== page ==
I received an email last week that looked like spam. So I ignored it, but I left in my inbox and said to myself that I would look at it later – most spams don’t ask for receipts.
A few days later I opened the email, and seen that it was addressed to me but with a PDF attachment, I tried to open the attachment. No luck. “OE removed access to the following unsafe attachments in your mail” it said. So I was left with what looked like a legitimate email, but not able to open it. I then dutifully emailed back, saying that I was unable to open the attachment.
A friend offered to take a look, and asked me to forward to him, by clicking forward it gave me access to the attachment. So I opened it.
To my surprise it was a formal letter from a firm, Phillips, Erlewine & Given LLP, Attorneys at Law, with a subject “Cal. Civ. Code 48a Demand for Correction”. I was being told in the letter that I must retract a remark made on my blog last November, and to publish an apology, within three weeks. The remark is considered it said “false, unprivileged, and defamatory”.
My reaction? I think a little shock mixed with surprise that my little blog could be the subject of such an action. And not even from my own jurisdiction, or continent, not even from a US Federal law as such, but from California. From San Francisco.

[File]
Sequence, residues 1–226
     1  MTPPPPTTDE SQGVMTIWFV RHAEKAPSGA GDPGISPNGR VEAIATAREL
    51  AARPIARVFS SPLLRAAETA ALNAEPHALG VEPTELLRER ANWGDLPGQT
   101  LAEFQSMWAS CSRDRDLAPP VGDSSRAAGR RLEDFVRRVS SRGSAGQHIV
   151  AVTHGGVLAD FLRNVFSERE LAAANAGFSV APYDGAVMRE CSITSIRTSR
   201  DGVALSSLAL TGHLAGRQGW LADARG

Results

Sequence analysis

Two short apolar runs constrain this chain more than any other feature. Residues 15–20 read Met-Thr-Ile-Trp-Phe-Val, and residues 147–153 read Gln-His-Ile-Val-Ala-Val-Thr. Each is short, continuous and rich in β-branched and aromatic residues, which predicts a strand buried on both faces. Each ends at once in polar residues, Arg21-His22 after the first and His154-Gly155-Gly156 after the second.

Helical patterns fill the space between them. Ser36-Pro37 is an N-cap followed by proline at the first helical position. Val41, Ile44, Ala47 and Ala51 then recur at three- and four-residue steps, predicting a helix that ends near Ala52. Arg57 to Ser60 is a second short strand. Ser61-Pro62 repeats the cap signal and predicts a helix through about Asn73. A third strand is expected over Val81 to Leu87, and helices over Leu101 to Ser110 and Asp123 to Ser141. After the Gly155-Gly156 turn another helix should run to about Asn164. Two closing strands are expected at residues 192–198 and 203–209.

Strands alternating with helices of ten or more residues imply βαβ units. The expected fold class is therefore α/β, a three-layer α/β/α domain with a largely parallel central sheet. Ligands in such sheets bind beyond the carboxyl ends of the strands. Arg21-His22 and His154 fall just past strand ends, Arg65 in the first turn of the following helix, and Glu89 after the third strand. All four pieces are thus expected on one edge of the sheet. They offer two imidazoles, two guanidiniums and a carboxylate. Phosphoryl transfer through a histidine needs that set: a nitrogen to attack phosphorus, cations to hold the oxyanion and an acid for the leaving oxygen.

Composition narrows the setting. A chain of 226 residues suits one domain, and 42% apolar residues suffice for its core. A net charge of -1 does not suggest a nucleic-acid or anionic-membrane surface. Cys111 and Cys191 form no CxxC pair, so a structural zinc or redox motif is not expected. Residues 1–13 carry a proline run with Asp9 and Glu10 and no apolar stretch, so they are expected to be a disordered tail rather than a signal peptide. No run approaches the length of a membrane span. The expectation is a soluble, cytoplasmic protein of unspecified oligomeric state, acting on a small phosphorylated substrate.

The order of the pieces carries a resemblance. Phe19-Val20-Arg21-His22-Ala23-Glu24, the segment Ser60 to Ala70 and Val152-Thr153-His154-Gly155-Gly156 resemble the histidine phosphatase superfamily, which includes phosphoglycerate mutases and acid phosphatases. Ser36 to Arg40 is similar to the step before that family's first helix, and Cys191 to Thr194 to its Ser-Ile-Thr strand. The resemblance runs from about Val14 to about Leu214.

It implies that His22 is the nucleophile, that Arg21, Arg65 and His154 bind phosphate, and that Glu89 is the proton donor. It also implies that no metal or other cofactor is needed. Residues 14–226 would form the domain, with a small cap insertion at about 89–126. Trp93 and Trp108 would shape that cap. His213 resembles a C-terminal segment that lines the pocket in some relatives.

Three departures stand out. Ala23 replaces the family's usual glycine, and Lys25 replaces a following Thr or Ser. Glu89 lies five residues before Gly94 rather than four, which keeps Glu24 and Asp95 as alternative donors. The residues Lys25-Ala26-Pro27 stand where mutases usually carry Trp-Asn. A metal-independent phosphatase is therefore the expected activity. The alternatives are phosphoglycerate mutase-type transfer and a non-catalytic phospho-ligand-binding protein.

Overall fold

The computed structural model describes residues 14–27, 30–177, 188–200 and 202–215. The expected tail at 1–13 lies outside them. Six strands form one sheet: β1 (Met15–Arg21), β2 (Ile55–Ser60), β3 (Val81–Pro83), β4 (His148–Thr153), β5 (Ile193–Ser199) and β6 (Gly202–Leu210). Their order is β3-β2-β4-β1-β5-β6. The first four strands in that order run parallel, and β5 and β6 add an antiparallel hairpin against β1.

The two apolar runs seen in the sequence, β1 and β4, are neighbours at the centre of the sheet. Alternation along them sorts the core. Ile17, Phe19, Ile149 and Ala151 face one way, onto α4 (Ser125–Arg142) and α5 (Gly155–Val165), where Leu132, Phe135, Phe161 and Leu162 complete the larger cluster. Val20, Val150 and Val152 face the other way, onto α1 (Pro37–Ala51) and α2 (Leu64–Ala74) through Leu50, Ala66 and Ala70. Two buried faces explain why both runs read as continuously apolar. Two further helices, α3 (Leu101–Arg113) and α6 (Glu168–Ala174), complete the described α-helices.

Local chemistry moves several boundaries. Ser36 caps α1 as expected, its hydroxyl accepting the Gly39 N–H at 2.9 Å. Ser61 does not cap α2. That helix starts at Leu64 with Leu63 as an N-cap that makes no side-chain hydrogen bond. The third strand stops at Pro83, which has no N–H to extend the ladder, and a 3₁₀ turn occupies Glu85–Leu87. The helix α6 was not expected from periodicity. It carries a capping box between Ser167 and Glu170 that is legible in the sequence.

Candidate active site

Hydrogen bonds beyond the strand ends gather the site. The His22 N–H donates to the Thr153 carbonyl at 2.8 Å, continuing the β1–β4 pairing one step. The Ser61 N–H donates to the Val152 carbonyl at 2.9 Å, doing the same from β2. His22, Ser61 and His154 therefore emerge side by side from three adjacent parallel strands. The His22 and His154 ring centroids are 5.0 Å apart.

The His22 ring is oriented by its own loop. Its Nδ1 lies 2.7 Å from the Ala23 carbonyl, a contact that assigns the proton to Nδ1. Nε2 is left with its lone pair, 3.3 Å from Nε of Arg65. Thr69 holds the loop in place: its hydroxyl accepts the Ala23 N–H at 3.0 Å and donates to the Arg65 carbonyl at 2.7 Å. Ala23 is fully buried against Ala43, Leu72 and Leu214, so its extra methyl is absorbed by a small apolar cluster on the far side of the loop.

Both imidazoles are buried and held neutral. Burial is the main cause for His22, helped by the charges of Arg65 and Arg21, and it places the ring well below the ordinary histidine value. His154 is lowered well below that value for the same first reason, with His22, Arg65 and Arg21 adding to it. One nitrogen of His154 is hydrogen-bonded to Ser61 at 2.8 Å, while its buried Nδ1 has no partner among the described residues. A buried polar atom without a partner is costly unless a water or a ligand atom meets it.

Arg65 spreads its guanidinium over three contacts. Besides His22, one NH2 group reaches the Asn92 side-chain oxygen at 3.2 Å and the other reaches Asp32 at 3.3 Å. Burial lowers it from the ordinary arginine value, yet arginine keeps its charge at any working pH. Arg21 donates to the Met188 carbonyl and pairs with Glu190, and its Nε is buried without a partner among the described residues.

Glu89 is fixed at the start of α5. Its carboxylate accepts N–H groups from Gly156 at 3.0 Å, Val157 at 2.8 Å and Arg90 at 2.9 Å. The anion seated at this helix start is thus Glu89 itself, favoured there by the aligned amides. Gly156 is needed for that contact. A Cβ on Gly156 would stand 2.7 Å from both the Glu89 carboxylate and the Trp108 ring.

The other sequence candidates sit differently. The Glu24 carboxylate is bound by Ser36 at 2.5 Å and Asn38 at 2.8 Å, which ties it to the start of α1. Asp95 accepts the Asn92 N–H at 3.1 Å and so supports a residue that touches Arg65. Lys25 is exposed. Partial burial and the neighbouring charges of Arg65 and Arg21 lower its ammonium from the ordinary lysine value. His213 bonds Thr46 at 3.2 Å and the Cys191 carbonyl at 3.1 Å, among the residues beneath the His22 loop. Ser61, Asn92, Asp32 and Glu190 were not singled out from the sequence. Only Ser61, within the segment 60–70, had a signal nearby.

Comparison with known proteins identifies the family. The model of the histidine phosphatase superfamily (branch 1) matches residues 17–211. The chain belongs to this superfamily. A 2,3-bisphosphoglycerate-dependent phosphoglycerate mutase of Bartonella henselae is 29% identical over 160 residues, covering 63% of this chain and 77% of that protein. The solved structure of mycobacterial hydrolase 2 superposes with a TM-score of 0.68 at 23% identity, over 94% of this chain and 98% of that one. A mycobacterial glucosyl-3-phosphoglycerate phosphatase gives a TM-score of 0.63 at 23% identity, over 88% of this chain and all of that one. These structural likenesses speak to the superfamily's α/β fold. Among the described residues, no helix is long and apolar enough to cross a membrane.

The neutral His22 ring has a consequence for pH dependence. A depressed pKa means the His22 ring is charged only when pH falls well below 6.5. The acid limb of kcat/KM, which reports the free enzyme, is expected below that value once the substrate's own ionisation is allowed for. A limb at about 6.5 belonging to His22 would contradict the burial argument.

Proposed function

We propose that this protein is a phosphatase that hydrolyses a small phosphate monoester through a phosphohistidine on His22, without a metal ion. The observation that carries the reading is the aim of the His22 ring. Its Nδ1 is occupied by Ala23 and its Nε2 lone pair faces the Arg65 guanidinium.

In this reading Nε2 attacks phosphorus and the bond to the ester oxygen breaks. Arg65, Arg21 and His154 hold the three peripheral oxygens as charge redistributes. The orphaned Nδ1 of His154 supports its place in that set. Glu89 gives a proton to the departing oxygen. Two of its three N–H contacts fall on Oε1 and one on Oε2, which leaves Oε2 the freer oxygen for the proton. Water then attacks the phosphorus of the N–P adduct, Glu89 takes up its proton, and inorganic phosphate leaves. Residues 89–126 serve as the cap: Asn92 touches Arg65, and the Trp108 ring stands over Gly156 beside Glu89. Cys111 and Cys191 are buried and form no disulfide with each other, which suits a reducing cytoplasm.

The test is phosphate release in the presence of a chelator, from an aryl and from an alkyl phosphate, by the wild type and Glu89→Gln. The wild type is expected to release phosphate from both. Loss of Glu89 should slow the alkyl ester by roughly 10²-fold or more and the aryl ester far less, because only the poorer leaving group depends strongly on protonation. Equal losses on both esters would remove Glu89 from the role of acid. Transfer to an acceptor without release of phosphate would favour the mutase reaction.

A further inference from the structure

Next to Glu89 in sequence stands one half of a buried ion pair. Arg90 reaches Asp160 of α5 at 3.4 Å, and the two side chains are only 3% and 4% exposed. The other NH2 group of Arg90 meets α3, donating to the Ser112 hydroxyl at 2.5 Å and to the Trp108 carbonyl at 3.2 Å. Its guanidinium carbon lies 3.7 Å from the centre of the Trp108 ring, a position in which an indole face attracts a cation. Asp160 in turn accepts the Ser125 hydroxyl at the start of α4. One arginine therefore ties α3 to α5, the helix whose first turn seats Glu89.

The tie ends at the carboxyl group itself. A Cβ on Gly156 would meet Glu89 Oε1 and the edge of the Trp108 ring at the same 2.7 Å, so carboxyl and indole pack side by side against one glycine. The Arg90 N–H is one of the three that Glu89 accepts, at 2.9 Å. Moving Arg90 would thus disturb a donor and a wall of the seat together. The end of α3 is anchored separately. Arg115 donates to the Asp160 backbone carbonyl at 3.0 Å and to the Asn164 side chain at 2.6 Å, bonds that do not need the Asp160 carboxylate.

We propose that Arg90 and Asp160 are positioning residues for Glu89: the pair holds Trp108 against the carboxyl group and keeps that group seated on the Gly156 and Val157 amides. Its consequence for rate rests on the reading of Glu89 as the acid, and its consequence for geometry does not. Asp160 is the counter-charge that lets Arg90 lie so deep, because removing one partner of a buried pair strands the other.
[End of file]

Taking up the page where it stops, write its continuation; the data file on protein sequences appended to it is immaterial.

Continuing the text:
A copy of the letter is now available on my blog. In PDF format, so get your Adobe reader ready.
The letter refers to this entry. This entry in turn links to Deborah Branscum’s blog, where she talks about the same issue. I have been in touch with Deborah and she has not received any demand for retraction in relation to her blog entry.
The email was sent on the 10th of March so the deadline by which I have to comply with the demands set out in the letter is the 31st of March. Unfortunately I will not be in my own jurisdiction on that day, I will instead be in Canada. So what to do?
I better ask my friends in the blogging community for advice. I am not seeking a campaign for vindication, but I will attempt over the next number of days to detail the story, the ins and outs of internationl legal jurisdiction, the possibility of being sued from another country – and what exactly constitutes defamatory remarks.
What does this mean for blogging? What does this mean for the future of online publishing? And can anyone point to examples where bloggers have been successfully sued, or have been issued with letters such as the one I have received. Answers on a postcard please to this address : gavin at gavinsblog dot com.